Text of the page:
Why didn’t Senate Republicans initiate immigration reform with visa reform for skilled, educated immigrants? They should have drafted a bill immediately after the election.
The comprehensive approach requires visas for entrepreneurs to be linked to those of low wage laborers.
Republicans have proposed increasing the number of visas for skilled immigrants by cutting the number available for unskilled immigrants—a trade-off that Democrats oppose.
The United States does not have a specific visa for young entrepreneurs, unlike Canada and Chile.
President Obama and some in Congress have proposed a “start-up visa.” Mark Krikorian of the Center for Immigration Studies responded to this in the following way to the Post:
“It’s a stupid idea,” said Mark Krikorian of the Center for Immigration Studies, which supports tighter immigration controls. “What is an entrepreneur? Businesses come and go.”
While the Republican Party laments the stupidity of President Obama’s policies and Sen. Rubio works to draft a probably insufficient “comprehensive” immigration bill, China, Canada, and Chile poach our foreign-born graduates:
China has given bonuses of up to $150,000 to thousands of highly skilled expatriates…Chile is luring top talent with $40,000 in capital, free office space and a quick visa through its “Start-up Chile” program…On April 1, Canada plans to launch a start-up visa program giving entrepreneurs immediate permanent residence.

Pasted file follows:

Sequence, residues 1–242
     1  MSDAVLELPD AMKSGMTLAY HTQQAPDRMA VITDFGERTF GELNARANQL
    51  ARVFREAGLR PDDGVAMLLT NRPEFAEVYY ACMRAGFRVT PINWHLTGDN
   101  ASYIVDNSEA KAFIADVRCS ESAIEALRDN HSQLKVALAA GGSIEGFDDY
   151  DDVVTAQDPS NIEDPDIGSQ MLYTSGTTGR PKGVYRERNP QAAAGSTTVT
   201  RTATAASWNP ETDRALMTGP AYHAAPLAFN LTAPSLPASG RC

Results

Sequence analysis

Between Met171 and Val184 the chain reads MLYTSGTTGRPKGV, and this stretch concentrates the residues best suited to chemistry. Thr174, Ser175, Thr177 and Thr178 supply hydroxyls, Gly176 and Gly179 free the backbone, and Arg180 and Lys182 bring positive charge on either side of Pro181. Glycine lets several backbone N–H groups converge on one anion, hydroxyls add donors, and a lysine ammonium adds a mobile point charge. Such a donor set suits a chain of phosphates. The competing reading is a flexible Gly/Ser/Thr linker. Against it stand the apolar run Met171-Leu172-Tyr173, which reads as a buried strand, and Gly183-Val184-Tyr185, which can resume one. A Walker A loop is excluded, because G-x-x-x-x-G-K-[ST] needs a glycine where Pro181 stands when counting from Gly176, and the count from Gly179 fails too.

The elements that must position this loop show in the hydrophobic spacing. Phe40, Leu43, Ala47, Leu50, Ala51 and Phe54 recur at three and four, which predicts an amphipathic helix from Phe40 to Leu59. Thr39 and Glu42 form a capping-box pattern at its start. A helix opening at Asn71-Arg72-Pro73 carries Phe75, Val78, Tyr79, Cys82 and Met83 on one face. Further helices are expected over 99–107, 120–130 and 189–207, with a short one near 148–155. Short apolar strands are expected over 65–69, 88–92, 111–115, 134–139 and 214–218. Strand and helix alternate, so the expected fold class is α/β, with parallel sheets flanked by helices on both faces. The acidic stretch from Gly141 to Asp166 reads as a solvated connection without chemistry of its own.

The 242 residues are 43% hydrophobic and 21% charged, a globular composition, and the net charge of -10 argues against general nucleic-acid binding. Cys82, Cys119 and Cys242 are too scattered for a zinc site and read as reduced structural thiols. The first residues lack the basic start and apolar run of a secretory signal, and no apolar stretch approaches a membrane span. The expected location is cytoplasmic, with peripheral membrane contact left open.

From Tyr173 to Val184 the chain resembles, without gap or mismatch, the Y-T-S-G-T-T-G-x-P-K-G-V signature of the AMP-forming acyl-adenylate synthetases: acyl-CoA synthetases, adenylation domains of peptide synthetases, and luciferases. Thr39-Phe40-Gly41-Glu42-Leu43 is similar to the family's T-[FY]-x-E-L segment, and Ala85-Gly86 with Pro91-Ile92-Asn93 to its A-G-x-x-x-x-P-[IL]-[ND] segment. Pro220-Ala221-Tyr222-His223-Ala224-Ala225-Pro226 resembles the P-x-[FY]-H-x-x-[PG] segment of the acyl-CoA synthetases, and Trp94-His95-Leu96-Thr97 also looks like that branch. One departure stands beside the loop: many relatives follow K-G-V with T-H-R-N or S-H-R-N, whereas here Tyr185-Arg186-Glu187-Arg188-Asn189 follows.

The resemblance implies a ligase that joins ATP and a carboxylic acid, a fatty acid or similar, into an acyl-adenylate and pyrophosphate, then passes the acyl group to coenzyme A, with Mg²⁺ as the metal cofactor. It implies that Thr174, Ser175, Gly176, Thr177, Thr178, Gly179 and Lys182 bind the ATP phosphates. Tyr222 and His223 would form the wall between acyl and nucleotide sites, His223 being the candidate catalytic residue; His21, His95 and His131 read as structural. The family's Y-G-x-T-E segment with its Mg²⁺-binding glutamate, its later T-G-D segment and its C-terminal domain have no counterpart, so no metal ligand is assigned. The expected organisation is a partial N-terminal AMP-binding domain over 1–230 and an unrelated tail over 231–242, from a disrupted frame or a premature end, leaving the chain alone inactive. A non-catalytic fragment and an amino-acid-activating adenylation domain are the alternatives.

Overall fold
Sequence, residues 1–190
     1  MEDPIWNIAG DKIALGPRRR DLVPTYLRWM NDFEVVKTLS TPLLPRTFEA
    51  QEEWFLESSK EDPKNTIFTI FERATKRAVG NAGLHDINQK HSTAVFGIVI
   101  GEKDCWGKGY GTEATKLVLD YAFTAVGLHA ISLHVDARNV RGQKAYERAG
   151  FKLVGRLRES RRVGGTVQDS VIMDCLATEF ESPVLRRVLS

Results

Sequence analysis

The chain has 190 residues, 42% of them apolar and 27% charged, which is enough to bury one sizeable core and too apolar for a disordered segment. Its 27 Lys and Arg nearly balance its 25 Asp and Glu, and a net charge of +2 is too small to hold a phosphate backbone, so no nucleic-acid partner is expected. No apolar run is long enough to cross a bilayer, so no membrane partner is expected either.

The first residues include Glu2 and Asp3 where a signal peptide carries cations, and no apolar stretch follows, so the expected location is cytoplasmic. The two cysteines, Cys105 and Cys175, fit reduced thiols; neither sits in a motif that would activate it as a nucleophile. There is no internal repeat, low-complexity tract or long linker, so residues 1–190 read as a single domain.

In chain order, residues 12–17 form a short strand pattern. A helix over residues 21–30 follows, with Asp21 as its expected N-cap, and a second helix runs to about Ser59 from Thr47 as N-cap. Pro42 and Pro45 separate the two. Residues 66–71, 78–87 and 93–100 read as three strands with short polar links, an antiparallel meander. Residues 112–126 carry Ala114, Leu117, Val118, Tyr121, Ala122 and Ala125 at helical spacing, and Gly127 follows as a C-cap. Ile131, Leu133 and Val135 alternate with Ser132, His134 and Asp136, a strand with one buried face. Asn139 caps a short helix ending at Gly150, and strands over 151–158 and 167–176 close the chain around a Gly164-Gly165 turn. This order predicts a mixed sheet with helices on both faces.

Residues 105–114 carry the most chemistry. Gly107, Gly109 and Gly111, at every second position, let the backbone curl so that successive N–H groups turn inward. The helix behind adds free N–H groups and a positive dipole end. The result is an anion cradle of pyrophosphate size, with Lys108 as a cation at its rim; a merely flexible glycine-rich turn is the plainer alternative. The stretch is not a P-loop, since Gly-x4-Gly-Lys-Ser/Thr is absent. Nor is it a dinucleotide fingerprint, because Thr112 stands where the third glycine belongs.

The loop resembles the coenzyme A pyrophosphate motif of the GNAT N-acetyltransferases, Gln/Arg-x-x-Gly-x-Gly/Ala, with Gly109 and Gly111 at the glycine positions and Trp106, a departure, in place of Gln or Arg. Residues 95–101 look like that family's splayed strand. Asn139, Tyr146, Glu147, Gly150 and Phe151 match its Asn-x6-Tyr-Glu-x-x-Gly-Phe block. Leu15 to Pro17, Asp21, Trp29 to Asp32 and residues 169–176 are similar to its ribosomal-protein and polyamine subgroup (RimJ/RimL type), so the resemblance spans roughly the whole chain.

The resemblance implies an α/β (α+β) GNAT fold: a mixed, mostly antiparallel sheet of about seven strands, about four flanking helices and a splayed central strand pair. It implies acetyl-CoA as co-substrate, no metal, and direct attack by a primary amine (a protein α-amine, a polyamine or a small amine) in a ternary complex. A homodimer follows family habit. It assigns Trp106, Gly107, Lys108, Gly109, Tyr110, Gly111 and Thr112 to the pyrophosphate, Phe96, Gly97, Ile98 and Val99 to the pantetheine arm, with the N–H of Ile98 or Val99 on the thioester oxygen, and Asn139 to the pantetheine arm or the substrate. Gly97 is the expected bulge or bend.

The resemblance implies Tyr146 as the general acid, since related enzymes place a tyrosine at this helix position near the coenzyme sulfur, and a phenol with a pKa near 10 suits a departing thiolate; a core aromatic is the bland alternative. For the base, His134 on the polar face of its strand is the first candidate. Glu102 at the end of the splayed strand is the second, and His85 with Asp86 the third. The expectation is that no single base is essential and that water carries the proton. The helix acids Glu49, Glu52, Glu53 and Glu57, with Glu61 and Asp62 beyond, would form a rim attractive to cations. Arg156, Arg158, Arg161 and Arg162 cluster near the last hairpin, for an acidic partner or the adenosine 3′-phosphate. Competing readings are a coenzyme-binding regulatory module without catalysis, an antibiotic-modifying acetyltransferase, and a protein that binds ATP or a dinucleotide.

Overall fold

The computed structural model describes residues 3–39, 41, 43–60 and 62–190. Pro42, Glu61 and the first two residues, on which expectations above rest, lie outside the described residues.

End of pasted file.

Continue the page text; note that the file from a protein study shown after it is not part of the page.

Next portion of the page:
Our graduating immigrants don’t want to go home. They want to invent and work in the United States. Meanwhile, we want their determination and talents for science, math, engineering and technology.
Again, why didn’t the GOP draft a bill expanding the H1-B visa for foreign workers who have started their own businesses? Currently, only employees of U.S. firms are eligible for these, but not those who’ve created their own start-ups.
Instead, we chose to pursue the “comprehensive” approach.
So goes economic innovation. So goes policy innovation.